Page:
With the exception of the chauffeur the witnesses on both sides agreed that at the time of the accident the automobile was on the left-hand side of the street, their testimony varying only as to the distance of the machine from the south curb; none of those witnesses, however, estimating it at more than fifteen feet. The chauffeur testified: "At that time there were autos parked on both sides of West Fourth Street. Some of them were backed up with their backs against the curb and some were run in with their fronts to the curb. That was the condition on West Fourth Street clear up to Clay. I drove as close as I could to the autos parked along the right-hand side of the street. . . . Just before coming to the intersection of Clay and West Fourth Streets I was traveling about the center of the street."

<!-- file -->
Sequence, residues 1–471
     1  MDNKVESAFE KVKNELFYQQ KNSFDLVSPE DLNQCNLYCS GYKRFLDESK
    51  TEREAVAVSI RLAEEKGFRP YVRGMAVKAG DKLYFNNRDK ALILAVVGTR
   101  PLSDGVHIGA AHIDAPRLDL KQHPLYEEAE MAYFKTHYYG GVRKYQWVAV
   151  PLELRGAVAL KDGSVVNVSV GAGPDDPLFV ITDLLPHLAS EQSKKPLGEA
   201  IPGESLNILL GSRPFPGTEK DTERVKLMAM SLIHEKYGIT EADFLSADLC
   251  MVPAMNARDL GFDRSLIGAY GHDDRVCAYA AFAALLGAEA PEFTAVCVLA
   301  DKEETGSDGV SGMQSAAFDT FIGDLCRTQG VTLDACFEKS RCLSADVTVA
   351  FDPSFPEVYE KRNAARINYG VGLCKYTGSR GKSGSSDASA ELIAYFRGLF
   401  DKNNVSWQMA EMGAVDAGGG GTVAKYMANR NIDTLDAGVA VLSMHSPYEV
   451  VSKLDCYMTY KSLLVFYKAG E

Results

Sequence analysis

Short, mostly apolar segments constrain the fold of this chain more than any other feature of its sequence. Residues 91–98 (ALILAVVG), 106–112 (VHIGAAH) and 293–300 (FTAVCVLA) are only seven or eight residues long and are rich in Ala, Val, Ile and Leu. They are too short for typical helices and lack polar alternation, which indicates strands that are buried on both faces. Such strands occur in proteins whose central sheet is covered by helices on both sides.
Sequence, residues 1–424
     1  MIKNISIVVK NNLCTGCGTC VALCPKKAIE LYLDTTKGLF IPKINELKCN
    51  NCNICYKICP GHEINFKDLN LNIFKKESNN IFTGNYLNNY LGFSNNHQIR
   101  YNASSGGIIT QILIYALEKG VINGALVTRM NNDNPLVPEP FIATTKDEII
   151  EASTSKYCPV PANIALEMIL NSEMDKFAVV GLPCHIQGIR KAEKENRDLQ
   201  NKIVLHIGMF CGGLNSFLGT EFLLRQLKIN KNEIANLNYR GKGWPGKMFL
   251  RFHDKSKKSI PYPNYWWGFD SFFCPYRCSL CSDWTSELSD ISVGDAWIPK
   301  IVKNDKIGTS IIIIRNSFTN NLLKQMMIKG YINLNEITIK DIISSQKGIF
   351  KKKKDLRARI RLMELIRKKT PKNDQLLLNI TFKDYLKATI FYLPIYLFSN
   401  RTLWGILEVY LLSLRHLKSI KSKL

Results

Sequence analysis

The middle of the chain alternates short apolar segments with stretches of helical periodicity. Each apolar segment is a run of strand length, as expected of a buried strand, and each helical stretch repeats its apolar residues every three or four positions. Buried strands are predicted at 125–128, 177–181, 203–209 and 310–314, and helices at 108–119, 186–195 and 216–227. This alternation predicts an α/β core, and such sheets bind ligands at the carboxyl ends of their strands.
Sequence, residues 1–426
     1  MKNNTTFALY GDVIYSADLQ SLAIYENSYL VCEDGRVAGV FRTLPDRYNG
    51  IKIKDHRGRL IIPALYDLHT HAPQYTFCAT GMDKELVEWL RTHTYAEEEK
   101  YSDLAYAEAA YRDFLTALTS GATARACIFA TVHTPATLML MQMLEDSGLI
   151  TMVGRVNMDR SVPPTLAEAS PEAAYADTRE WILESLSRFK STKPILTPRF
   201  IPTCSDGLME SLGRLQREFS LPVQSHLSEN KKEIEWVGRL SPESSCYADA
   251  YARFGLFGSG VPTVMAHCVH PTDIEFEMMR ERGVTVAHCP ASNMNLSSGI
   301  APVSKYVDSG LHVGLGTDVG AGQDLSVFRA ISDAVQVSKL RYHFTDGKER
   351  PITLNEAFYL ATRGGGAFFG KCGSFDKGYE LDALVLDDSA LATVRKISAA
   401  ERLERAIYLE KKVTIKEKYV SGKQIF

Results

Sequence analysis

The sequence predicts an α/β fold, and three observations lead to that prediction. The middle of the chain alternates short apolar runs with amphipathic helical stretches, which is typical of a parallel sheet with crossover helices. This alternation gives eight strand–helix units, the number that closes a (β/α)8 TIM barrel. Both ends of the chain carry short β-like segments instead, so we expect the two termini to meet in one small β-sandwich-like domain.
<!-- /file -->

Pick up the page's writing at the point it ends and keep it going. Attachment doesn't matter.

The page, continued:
The appellant contends that even if it be found that his automobile was on the left-hand side of the street in violation of the city ordinance, such violation was excusable because the condition of the traffic was such that it was impossible to drive the machine on the right-hand side. On this point the testimony of the chauffeur stands alone. Taking the most extreme view of the situation, and granting that the right-hand curb was solidly parked with automobiles and other vehicles, and that they were run in or backed in at right angles to the curb, and, further, that the machines were all the length of the one owned by the defendant, fourteen feet, still there would have been room for the defendant's chauffeur to have driven his machine on the right-hand side of the street. For the street is forty feet wide and the width of the automobile was five feet.  In view of the conflict in the evidence in this behalf, we must assume in favor of the judgment that the jury found that at the time of the collision the ordinance was being violated by the chauffeur, and that the condition of the traffic was not such as to excuse such violation.  This being so the defendant was guilty of negligence per se and is liable for the injury to the plaintiff if such negligence was the proximate cause of that injury and the plaintiff was free from contributory negligence. ( Fresno T. Co. v. Atchison etc. Ry. Co., 175 Cal. 358, [ 165 P. 1013]; Simoneau v. Pacific Elec. Ry. Co., 166 Cal. 264, [49 L.R.A. (N.S.) 737, 136 P. 544]; Seimers v. Eisen, 54 Cal. 418; Stein v. United R. R., 159 Cal. 368, [ 113 P. 663]; Fenn v. Clark, 11 Cal.App. 79, [ 103 P. 944]; Scragg v. Salle, 24 Cal.App. 133, [ 140 P. 706]; Connell v. Harris, 23 Cal.App. 537, [ 138 P. 949].)